Attached is a colorful version as PNG from it.

Based on this info (most registers jump around for different types and only a few number remains static) I think the best idea would be to create one include file per supported processor like:

pdk/pmc150c.h
pdk/pfs154.h
pdk/pfs173.h
...

Comments? Suggestions?


JS

Hi,

thank you, for all the work you done.
In the table i miss the Timer3 registers for the PFS154.

vollmars
 

Offline js_12345678_55AA

  • Regular Contributor
  • *
  • Posts: 159
  • Country: ht
Re: EEVblog #1144 - Padauk Programmer Reverse Engineering
« Reply #592 on: July 02, 2019, 08:48:32 pm »
In the table i miss the Timer3 registers for the PFS154.

Yes I forgot TM3 for PFS154, but for sure there are more mistakes in the table. I just did it to get an idea of the register mapping.

JS

« Last Edit: July 02, 2019, 09:47:39 pm by js_12345678_55AA »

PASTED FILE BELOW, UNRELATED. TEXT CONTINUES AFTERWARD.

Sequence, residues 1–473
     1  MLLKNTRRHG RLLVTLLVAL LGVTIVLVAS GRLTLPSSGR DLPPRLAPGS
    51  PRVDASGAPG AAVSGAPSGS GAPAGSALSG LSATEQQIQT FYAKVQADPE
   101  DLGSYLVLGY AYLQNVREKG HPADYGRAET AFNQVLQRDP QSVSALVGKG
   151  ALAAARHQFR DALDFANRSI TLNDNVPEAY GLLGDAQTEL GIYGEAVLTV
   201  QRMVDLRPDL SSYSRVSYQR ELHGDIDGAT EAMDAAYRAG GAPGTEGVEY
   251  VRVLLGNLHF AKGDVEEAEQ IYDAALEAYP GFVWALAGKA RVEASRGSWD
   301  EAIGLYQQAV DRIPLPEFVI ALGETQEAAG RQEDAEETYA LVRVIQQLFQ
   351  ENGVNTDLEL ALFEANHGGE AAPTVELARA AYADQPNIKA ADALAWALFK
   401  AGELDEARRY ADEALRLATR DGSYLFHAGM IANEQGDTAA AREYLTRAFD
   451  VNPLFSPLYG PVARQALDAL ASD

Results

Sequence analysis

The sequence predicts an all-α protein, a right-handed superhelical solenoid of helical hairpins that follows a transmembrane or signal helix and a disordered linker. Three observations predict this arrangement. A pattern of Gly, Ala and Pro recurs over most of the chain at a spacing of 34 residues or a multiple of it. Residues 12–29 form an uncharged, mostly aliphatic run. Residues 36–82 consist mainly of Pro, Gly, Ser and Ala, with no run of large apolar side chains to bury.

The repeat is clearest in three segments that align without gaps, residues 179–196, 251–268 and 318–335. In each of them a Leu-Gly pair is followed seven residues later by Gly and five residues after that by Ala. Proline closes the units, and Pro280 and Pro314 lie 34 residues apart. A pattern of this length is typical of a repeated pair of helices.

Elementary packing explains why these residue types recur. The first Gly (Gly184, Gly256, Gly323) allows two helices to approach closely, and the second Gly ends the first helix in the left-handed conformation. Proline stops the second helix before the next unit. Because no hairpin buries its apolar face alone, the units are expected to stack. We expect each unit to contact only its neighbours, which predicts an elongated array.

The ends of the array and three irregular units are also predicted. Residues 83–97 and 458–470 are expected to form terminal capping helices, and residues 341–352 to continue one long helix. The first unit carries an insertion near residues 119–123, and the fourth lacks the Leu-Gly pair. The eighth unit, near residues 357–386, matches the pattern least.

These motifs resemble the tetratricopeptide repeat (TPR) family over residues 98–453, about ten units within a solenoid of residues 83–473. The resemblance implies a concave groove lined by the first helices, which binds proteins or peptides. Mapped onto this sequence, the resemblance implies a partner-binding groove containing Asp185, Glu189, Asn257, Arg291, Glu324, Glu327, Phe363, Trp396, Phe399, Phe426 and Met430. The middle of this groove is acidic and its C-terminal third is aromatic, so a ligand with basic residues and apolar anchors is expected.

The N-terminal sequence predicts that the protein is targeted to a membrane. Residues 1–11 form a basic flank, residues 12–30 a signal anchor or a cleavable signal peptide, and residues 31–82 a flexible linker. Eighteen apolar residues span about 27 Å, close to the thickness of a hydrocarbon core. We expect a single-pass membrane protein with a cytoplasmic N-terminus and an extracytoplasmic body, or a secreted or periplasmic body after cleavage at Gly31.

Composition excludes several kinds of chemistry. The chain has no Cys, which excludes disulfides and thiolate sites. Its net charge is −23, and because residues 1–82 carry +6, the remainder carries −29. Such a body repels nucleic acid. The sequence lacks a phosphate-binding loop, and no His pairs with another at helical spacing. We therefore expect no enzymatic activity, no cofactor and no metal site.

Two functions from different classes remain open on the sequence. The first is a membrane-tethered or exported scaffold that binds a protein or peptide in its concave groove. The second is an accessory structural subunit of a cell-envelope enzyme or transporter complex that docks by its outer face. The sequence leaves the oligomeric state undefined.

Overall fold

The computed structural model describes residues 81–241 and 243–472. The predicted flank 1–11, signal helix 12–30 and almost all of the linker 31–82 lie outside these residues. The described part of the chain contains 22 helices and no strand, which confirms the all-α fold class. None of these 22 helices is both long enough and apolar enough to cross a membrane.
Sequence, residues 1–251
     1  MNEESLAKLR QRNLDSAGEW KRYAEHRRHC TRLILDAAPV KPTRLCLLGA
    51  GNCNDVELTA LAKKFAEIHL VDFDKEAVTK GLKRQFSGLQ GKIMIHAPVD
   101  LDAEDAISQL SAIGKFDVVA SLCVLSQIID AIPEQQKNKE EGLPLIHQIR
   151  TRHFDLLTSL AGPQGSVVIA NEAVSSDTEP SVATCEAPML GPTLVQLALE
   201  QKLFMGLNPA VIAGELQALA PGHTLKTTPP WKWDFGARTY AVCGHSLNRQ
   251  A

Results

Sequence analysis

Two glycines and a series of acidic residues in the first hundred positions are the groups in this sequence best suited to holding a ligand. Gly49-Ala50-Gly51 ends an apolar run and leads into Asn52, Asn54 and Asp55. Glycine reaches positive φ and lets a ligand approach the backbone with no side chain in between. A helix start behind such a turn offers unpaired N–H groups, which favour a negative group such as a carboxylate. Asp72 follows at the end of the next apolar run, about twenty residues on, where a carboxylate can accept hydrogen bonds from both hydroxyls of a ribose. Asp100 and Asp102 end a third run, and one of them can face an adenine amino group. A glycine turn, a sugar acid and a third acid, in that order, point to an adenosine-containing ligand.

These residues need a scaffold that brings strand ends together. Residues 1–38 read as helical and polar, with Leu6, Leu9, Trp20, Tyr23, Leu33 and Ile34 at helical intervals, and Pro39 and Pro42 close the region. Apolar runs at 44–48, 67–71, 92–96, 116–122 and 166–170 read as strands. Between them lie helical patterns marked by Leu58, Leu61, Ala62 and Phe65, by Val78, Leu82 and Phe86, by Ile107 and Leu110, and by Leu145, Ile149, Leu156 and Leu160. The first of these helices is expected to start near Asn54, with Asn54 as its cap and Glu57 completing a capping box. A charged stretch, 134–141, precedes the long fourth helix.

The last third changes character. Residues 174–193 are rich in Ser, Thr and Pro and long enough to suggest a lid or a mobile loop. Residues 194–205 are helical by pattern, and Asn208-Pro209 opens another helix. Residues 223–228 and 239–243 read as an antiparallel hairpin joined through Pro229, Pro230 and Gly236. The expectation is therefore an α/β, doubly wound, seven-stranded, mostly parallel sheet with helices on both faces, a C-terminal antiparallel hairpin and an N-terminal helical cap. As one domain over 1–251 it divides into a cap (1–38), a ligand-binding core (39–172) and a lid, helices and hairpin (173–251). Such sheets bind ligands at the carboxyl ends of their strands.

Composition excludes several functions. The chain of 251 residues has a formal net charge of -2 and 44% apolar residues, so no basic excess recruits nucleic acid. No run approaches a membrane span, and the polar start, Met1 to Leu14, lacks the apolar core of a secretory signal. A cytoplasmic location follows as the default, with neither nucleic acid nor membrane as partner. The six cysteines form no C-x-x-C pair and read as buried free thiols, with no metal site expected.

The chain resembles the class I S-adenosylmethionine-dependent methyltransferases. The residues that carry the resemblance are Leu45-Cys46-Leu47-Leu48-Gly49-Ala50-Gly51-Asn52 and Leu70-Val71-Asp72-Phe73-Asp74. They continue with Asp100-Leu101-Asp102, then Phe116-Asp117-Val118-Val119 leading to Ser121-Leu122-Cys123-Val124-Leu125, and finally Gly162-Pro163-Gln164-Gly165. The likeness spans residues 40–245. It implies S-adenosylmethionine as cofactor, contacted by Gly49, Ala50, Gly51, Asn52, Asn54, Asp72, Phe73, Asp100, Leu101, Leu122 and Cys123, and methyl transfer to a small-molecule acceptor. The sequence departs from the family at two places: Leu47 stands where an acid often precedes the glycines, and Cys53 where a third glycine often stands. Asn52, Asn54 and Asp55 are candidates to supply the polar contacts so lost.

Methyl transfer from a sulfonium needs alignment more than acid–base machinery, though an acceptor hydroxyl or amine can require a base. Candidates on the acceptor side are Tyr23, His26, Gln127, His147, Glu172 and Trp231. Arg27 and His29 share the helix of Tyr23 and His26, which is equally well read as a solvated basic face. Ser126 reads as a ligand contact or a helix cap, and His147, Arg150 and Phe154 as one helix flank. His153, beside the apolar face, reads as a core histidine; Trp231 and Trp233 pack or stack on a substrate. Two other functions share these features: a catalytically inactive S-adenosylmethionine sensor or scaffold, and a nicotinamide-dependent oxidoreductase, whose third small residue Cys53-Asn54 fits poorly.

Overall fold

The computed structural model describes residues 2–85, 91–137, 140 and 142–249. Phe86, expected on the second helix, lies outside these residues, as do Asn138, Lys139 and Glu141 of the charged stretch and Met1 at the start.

Easy PDK programmer and more: https://free-pdk.github.io
 

Offline lanserge

  • Newbie
  • Posts: 1
  • Country: gb
Re: EEVblog #1144 - Padauk Programmer Reverse Engineering
« Reply #593 on: July 23, 2019, 06:37:38 pm »
Hi, Guys

I have joined the forum to say big thank you for the work you have done.

Today I managed to get stable read and write PMS150c-u06 with the knowledge from this forum.
I made programmer from mostly assembled modules from e-bay.
I used ready MT3608 step up module to get 16V out of 5V.
I used two MCP4725 modules to have two programmable DACs (on one of the modules I soldered jumper to have different address on I2C).
Also I soldered LM358S-13 IC  on DIP adapter, double OP-AMP powered from 16V to get programmable VDD and VPP: each op-amp has plus input connected to corresponded MCP4725 module output, minus input connected to voltage divider with 8.2k to the ground and 16.2k to the op-amp output.